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Indonesia's Islamic, vigilante vice squad raids nightclubs, churches and more.
Editor's note: Vigilante Jihad writer Patrick Winn was interviewed in a GlobalPost Membership chat on Dec. 16. Members can view the chat here.
JAKARTA, Indonesia — It is forever dark in the core of Jembatan Besi, one of Jakarta’s most crowded slums. Even at high noon, only a narrow band of sunlight glows above a five-story canyon formed by closely built cement dwellings.
To slip into the narrowest walkways — crevices, really — locals must twist their bodies and shimmy sideways. Fluorescent lamps, slung from extension cords, light their path.
Still, according to the neighborhood holy man, it used to be worse. The crowding and poverty was once compounded by wickedness.
After the three-decade reign of strongman Gen. Suharto came to an end 12 years ago, society went wild with freedom, said Tubagus Muhammed Siddiq, 53, a white-robed Islamic scholar and Jembatan Besi native.
Throughout the island of Java, he said, prostitution, gambling and boozing crept from the shadows and into the streets. Inept police did nothing, he said.
“My neighborhood was one of the worst. Three straight blocks of gambling and drinking.” Siddiq said. “We had no choice. We were forced to jihad.”
With other fundamentalists around the city, Siddiq co-founded a vigilante network called the “Islamic Defenders Front.” Their legions of young, Muslim males torched brothels, ordered drinkers off the corners and beat back resisters with wooden rods.
Today, the Islamic Defenders Front is much more than a glorified neighborhood watch. They have positioned themselves as Indonesia’s moral police — a self-proclaimed, 15-million strong “pressure group” — sworn to rid Indonesia of sin.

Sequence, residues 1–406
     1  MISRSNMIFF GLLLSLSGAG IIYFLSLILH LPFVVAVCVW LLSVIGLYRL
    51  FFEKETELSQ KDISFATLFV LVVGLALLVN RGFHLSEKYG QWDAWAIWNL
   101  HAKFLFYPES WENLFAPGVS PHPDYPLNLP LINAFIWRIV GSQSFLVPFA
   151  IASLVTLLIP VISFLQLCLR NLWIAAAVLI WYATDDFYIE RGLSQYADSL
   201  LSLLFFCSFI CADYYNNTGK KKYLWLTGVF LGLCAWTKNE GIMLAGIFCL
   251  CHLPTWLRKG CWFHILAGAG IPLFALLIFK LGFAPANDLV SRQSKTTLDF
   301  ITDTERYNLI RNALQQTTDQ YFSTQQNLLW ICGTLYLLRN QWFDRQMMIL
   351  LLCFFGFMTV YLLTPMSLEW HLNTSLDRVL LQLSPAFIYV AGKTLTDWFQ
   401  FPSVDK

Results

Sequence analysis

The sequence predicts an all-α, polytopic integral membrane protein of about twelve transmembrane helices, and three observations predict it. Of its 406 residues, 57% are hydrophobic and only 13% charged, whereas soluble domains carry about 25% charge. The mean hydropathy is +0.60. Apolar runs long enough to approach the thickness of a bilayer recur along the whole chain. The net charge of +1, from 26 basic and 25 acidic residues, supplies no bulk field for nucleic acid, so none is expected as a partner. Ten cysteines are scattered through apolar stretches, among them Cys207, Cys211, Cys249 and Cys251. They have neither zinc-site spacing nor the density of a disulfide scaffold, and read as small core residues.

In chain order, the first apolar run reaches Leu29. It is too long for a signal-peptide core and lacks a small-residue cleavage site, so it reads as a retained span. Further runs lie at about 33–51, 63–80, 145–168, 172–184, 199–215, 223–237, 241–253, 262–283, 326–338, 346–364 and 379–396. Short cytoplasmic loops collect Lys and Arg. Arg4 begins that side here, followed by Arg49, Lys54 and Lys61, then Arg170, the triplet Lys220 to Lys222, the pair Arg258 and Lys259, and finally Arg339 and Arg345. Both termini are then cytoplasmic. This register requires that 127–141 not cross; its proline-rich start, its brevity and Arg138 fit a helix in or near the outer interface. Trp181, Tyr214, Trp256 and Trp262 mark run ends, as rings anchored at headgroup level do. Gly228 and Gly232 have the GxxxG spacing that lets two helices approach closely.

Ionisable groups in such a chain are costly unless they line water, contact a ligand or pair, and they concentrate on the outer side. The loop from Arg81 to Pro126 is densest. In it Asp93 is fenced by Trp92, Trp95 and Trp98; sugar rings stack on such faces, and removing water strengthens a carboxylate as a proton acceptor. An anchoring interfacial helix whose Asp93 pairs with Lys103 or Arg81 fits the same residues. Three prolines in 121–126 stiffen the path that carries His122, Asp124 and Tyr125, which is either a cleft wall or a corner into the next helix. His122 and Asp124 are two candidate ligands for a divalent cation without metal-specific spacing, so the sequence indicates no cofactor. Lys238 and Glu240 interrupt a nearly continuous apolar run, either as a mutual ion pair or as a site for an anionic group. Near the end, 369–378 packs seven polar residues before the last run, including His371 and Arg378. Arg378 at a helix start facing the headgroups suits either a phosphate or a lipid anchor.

“Society is diseased. Diseased with a social infection that violates Shariah,” Siddiq said in reference to Islamic law.
Indonesia is the world’s most-populous Muslim-majority nation, considered a leading light of moderate Islam by U.S. President Barack Obama, who spent four years in Jakarta as a child. Under its young democracy, the country has enjoyed more modernity, more transparency and a rising middle class.
But that same newfound freedom has tested it’s religious pluralism, which many Indonesians say is their country’s greatest strength.
"After evening prayers, they'd keep sweeping the city until dawn. It was a sort of dark justice."
Freedom has allowed a hardline minority to seize the soapbox and harness the fury of Muslims distressed by rapid modernization. Their rank-and-file are young, low-income Muslim males compelled by the romance of jihad. The tolerant brand of Indonesian Islam extolled by the West is, in their eyes, simply more tolerant of evil.
Their targets? Nightclubs. Churches. Liberal Muslims. Embassies of foreign nations considered hostile to Islam.
In the last six months alone, the Islamic Defenders Front has successfully rallied to imprison the editor of Indonesia’s very tame version of Playboy Magazine, stabbed a Christian pastor nearly to death and raided Asia’s largest gay film festival in Jakarta.
The well-publicized mob attacks, led by hooded men shouting Arabic battle cries and glaring through ragged eyeholes, have become routine in Jakarta.
“We fear for Indonesia’s future,” Siddiq said.
But so do many ordinary Indonesian Muslims, who fear the Front will hijack Indonesia’s reputation for moderate Islam — while police and politicians stand idly by.
The Indonesian archipelago first absorbed Islam around the 12th century from Arab traders. Today, however, the Middle East’s religious rigidity feels worlds removed from Indonesia’s more flexible incarnation of Islam, which in much of the country is infused with Hindu, Buddhist and Animist traditions.
Though the nation’s top Islamic body, the Ulema Council, forbids smoking in public, more than one-third of Indonesians consume cigarettes — many of them like mad. Despite a fatwa against Facebook flirting, Indonesians indulge in the social network more than any other country outside of the United States.
Mall rats match their hijabs to their sneakers. In much of the country, booze is sold openly. And while propriety keeps Jakarta’s nightlife from spilling into the street Bangkok-style, the capital’s partying is equally decadent behind closed doors.
Most tolerate modern frills and vice as the price of a free society. The Front sees a creeping cancer.
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